This is a miracle of the efficacious Word, and a miracle of abundance. We can apply this without effort to Holy Communion, if we have faith. Those offended by this miracle are also offended by Holy Communion. God gives us an abundance of forgiveness through the Gospel, each and every day, for all who believe in Him.


11. We have said enough concerning faith through which we entrust the stomach to God for his care, and believe that he will not allow us to come to distress because of the lack of temporal things. Now concerning spiritual blessings, when we are about to die, I wish also to say: then we will find and see before our eyes very death, and yet we would gladly wish to live; then we will see before us very hell, and yet we would gladly wish to possess heaven; then we will see God’s judgment, and yet we would gladly see his grace. In brief, we will not see a single one of the things we would like to have. No created thing can help us in the presence of death, hell and the judgment of God; and if I believe, I will say: Yes, faith is the fundamental principle by which I secure what I do not see; hence, if I believe, nothing can harm me. Although I see nothing now but death, hell and the judgment of God before my eyes, yet I must not look at them; but fully trust that God, by virtue of the power of his promise, not because of my worthiness, will give me life, salvation and grace. That is cleaving to God by faith in the right way.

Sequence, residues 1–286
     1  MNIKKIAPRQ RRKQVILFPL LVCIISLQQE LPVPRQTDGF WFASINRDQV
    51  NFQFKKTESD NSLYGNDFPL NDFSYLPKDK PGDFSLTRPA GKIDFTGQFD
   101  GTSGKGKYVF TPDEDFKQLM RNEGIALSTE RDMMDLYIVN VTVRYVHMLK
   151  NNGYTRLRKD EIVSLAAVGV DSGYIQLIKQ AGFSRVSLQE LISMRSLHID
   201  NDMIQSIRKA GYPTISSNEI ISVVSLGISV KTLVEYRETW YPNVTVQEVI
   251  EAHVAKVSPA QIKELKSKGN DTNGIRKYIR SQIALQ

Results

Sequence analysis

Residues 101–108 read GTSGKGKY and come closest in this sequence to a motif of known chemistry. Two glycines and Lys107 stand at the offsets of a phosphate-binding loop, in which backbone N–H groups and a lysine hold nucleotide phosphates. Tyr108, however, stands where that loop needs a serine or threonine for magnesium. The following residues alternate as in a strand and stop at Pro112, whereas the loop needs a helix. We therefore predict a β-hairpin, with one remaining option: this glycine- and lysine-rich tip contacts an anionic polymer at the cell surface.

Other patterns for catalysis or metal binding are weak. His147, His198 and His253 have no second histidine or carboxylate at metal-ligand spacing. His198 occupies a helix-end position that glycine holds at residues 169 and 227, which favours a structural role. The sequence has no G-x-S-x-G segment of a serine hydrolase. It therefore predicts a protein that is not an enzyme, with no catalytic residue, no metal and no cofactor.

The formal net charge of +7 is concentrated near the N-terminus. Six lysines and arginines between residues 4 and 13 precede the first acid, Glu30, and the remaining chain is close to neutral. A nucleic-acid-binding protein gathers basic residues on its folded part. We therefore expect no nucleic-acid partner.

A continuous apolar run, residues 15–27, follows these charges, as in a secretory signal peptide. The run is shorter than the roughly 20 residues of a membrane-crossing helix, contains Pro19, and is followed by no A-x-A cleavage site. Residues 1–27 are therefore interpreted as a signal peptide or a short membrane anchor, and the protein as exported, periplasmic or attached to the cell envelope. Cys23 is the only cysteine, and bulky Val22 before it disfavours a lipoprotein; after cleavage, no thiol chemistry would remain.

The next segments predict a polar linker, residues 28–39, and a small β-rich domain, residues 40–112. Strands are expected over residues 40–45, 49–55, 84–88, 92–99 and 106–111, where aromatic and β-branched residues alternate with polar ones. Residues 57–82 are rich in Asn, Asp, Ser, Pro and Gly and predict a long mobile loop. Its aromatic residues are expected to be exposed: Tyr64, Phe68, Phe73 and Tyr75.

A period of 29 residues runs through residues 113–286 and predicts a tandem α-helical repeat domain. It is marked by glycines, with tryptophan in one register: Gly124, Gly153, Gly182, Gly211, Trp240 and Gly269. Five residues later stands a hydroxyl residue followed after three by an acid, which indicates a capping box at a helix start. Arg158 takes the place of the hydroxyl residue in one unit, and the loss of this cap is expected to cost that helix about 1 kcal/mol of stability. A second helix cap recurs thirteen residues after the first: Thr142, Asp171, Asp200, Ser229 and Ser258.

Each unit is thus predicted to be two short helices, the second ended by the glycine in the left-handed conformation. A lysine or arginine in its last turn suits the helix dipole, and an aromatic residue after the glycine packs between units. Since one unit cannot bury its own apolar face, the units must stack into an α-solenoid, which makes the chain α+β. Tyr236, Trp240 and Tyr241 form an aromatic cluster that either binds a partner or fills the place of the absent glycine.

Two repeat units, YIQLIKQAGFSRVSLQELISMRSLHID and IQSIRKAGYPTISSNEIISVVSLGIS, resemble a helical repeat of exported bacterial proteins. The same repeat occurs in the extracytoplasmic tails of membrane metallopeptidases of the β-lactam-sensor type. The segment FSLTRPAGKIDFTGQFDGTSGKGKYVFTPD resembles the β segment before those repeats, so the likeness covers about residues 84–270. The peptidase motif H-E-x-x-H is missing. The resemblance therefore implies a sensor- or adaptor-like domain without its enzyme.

12. This is here beautifully painted in the visible picture of the four thousand men who hang on God alone through the faith that says: yes, God will indeed feed us. Had they judged according to reason, they would have said’ Oh, we are so many, we are here in the desert, we have empty and hungry stomachs; nothing can help our condition. There was nothing of which they could speak; but they had a good refuge without any human disputing with God, they commended themselves to him and freely laid all their need upon him. Then Christ comes, before they have any care and before they ask him to come, and takes all more to heart than they do themselves, and says to his disciples: “I have compassion on the multitude, because they continue with me now three days and have nothing to eat; and if I send them away fasting to their homes, they will faint on the way.”

 

Quotations

"Both Baptism and the Lord's Supper qualify as Means of Grace because of the simple fact that they are visible forms of the essential Gospel message announcing the forgiveness of sins."